Meyer Produce: Mark Meyer Family

Long before the “Farm to Fork” campaign was even a thing, there was one Illinois farmer way ahead of the game. What started out as a seedless watermelon venture soon morphed into a third-generation family business.

Today that same man, Bill Meyer, now 83, is working alongside his son, Mark Meyer and his family, to bring central Illinois some of the best locally grown produce this side of the Mississippi.

Mark Meyer has graciously accepted an invitation to sit down with us and talk about his operation, Meyer Produce. So, without further ado, meet Mark Meyer:

MarkMeyer_MeyerProduce

Some of the Meyer’s homegrown produce. Be sure to “Like” them on Facebook.

AER: Please tell us about Meyer Produce.
MM: Meyer Produce is located in Mason County, Illinois, 3 miles west of Manito. My wife, Shelly, along with our daughters Hannah, Paige, and Brooke, help on the farm. We raise about 250 acres of popcorn for Weaver Popcorn Co. Our biggest crops include 55 acres of fresh market sweet corn, 20 acres of watermelon, 20 acres of muskmelon, and 1-3 acres of peppers, in addition to various other vegetables on smaller acres. We also raise around 20 acres of pumpkins and squash in the fall and sell straw in the winter and spring. We also have 6 high tunnels that we raise tomatoes in to sell at roadside stands and farmers markets and have 90 acres of certified organic ground that we grow several different crops including, canning pumpkins, snap beans, soybeans, popcorn, seed corn, and field corn.

AER: Sounds like you have quite the operation. Was this something you’ve always wanted to do?
MM: I started raising and selling vegetables when I was in FFA. I then went on to get a degree in ag business/agriculture from Illinois State University. When I graduated, I worked for Thorp Seed Co. in Clinton, Illinois for 9 months. Then I went to work for a distillery for ten years and farmed on the side.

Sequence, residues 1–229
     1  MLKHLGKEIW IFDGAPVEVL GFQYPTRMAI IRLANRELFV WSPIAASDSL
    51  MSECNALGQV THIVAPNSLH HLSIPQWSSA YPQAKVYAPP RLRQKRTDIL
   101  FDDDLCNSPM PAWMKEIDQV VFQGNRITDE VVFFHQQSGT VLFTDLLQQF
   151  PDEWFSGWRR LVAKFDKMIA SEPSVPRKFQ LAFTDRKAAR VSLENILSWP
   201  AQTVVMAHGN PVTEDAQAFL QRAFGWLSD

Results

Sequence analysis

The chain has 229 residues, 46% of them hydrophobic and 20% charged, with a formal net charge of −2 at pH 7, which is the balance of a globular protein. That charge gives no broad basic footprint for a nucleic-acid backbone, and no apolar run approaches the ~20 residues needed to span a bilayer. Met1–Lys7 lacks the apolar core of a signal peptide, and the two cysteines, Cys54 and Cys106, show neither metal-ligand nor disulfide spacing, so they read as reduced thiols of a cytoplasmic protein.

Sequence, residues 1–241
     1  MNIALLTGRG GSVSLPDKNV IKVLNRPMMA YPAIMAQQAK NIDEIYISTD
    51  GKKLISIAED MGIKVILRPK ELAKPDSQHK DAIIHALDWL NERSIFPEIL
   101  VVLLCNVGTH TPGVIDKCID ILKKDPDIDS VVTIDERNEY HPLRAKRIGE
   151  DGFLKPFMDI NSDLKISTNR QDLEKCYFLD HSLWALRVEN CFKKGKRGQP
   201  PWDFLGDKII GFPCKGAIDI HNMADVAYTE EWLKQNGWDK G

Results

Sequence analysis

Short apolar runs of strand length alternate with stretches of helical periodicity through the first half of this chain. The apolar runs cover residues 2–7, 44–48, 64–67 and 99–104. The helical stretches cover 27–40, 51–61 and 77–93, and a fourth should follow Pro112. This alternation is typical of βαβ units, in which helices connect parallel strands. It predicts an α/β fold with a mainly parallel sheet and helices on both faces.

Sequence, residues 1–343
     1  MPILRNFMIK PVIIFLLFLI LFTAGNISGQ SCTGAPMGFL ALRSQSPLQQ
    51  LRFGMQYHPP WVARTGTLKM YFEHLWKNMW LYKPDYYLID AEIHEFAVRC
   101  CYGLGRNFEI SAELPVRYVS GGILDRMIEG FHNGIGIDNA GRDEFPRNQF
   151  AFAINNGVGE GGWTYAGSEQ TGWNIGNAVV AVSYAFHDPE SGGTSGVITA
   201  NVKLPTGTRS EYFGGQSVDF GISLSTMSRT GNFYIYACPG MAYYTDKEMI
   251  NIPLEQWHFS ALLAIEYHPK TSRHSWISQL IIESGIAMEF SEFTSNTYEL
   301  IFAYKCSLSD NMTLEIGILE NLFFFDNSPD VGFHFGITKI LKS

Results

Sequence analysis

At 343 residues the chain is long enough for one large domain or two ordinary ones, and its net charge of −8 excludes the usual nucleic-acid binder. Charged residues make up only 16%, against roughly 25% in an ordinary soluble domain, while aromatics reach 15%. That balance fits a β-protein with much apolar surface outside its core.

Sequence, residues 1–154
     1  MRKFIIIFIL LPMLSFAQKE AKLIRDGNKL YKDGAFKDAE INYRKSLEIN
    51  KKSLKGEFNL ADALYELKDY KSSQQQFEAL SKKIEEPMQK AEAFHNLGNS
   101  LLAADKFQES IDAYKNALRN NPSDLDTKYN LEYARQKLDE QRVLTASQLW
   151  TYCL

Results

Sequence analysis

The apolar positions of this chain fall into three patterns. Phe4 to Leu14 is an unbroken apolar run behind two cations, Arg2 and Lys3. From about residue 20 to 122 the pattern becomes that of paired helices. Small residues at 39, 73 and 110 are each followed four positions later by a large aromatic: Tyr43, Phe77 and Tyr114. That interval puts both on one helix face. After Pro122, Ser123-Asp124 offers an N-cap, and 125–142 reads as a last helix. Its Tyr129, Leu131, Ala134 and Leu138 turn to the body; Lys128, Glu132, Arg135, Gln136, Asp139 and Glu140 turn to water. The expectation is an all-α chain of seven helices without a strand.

AER: You must keep  very busy. How do you divide up what gets done each day?
MM: My wife helps keep track of taking orders in the summer, while my oldest and youngest daughters help sort corn and pick tomatoes. My middle daughter, Paige, works a produce stand. My dad, Bill, who originally raised seedless watermelon in the ’70’s still helps every day at the young age of 83. He takes care of the tomatoes in the high tunnels.

AER: Do you still have a produce stand in your front yard? Where else can consumers purchase your vegetables?
MM: We sell our produce locally at our flower shop in Manito and at several produce stands and farmers markets. When we’re really producing a lot, we also sell to a local federal prison. We deliver to grocery stores and 15-20 locals within an hour distance. This helps keep our volume up and utilize our acres if we have excess. We have locations in Pekin, East Peoria, Morton, and Manito.

AER: Which AgriEnergy Resources products do you use? What benefits do you see from them?
MM: We put SP-1 on all of our seed to get the bacteria started early in the soil. We also put an AgriEnergy mix of potassium, sulfur, and micronutrients with all of our 28% nitrogen, either knifed in or through the irrigations. The AgriEnergy Mix seems to really help hold the nitrogen from leaching in our sandy soils. We also use a Pivot Mix to put any nutrients we are short on through the irrigations.

AER: In your opinion, what’s the most rewarding aspect of what you do?
MM: The most rewarding aspect to me is being able to watch my girls work on the farm and understand where their food comes from. It’s also being able to keep dollars local. Our customers enjoy knowing the food is picked fresh and is healthier than food shipped across the country or the ocean.

AER: Will you be adding any new crops for the next growing season?
MM: We continually look for new markets and will expand if the right situations arise.

At AgriEnergy Resources we’re big time supporters of biological farming and local foods. Thank you, Meyer Produce, for your dedication in growing healthy foods for the consumer!

 

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  1. Pingback: Field meals – farmer approved | Daily Dirt

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